Sunday, May 13, 2018

On the Conscience

Here is an old blog entry I wrote but never published. They're notes on a philosophical speech, about the conscience. I tried cleaning it up a bit, but it's still pretty heavy philosophy. I wrote this before Pope Francis' election.

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Someone led me to Conscience and Truth, a presentation that Pope Benedict XVI made in Dallas, Texas.  He did this in 1991, years before he became Pope, but the issues he speaks about are still important today.
  • People like to think that conscience is opposed to authority.  They say that conscience must be followed at all times, even in opposition to authority.
  • "It is of course undisputed that one must follow a certain conscience or at least not act against it. But whether the judgment of conscience...is always right...is another question." Why? "Judgments of conscience can contradict each other". This can lead to subjectivism.
  • Ratzinger gives two stories on the topic.  Story #1 is from a man who believes that Catholic faith is a burden, what with all the rules and things it forces on people. Unbelievers are super-lucky in comparison, because they can get to Heaven merely by following their consciences.  It's a convenient "get out of rules" free card. This notion of faith as a punishment or a burden has severely crippled evangelization.
  • The above argument relies on the idea that the conscience shields someone from the truth.  "Conscience appeared here not as a window through which one can see outward to that common truth which founds and sustains us all...Rather, it appears as subjectivity's protective shell into which man can escape and there hide from reality."
  • Conscience in this argument is used as a justification for subjectivity.  It no longer looks at the truth. Conscience also becomes a justification for social conformity, which is a mediation between two different subjective people.
  • Story #2 is the question of what happens to Hitler and the other Nazis.  The argument is that all of them are obviously in Heaven right now, because they followed their consciences with firm conviction.  "There is no doubting the fact that Hitler and his accomplices who were deeply convinced of their cause, could not have acted otherwise. Therefore, the objective terribleness of their deeds notwithstanding, they acted morally, subjectively speaking. Since they followed their albeit mistaken consciences, one would have to recognize their conduct as moral and, as a result, should not doubt their eternal salvation."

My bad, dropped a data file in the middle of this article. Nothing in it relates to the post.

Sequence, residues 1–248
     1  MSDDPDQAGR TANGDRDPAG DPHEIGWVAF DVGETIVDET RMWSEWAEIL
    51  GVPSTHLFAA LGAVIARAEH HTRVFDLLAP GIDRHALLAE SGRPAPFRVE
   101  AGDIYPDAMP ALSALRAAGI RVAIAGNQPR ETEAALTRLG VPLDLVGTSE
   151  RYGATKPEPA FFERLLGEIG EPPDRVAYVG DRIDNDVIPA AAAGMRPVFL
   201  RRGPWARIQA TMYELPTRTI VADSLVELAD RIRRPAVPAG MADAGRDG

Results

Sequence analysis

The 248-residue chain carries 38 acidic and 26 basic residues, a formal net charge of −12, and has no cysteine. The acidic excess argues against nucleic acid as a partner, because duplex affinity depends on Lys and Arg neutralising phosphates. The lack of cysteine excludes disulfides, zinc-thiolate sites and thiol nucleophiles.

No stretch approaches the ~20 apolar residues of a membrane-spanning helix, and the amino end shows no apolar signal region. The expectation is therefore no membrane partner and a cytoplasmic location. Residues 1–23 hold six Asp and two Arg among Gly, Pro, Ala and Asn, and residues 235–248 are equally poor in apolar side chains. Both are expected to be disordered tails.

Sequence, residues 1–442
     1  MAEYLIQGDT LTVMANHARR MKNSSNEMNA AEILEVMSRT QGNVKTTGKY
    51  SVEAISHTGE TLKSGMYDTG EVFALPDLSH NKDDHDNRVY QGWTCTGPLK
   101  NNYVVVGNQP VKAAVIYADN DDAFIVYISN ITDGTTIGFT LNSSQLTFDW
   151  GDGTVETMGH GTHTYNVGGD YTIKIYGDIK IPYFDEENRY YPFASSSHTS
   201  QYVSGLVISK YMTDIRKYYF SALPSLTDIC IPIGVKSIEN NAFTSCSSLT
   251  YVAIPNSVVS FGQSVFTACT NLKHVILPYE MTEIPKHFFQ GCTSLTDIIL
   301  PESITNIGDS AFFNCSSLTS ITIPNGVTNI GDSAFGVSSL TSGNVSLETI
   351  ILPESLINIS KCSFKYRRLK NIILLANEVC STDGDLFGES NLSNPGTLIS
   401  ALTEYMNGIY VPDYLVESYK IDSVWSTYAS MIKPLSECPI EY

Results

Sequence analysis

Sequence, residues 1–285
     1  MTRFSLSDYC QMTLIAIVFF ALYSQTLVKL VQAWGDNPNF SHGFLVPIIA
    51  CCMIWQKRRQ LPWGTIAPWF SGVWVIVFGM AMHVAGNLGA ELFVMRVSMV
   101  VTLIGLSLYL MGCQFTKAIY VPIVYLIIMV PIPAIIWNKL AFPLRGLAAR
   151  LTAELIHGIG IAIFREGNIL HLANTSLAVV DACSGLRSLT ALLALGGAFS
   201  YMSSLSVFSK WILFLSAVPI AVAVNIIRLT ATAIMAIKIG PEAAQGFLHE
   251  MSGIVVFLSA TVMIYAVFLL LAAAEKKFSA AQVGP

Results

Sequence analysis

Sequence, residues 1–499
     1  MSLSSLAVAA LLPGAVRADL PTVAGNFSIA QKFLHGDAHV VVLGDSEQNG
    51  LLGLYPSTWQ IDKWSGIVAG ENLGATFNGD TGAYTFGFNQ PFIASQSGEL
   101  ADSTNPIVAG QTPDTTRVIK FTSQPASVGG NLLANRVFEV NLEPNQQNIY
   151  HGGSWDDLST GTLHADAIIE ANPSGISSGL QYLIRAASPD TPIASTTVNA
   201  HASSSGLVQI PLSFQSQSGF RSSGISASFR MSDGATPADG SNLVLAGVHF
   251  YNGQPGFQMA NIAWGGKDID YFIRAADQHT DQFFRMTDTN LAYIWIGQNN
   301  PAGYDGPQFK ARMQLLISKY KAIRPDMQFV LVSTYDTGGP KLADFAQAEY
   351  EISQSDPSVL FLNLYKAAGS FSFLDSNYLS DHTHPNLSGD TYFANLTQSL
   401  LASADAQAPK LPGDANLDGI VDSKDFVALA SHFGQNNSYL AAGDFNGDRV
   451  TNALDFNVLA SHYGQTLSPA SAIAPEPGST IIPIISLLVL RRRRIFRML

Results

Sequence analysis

• And those two stories led Ratzinger to stop and say, "Whoa, something is wrong here.  Conscience can't work like that. Those are obviously false conclusions; ergo, the conception of conscience is flawed."
  • Gorres, a psychologist who studied these things, says that a conscience incapable of feeling guilt--as is the case with Hitler, Himmler and Stalin--is basically an inhuman monster, incapable of morality.  Gorres questions if these people were incapable of feeling guilt, or if they were really good at repressing guilt.
  • By the way, a good Biblical scholar should be able to avoid the false notions of conscience, by looking carefully at Psalm 19:12-13 ("But who can detect his errors? Cleanse me from unknown faults"), Luke 18:9-14 (the tax collector and the pharisee) and Romans 2:1-16.
  • It doesn't work to identify your conscience with mere self-consciousness, which brings you certainty about yourself and and your moral behavior. On the one hand, this gives you a conscience which is only a reflection of the social surroundings and the currently popular opinions. On the other hand, this gives you a conscience completely devoid of self-criticism, one that is unable to listen to the depth of one's own soul.
  • "To put it differently, the identification of conscience with superficial consciousness, the reduction of man to his subjectivity, does not liberate but enslaves. It makes us totally dependent on the prevailing opinions and debases these with every passing day." Conscience is used to rationalize our behavior, rather than guide our behavior. To say that "conscience/my feelings are what prove I'm right all the time" is to retreat from truth, not to follow it.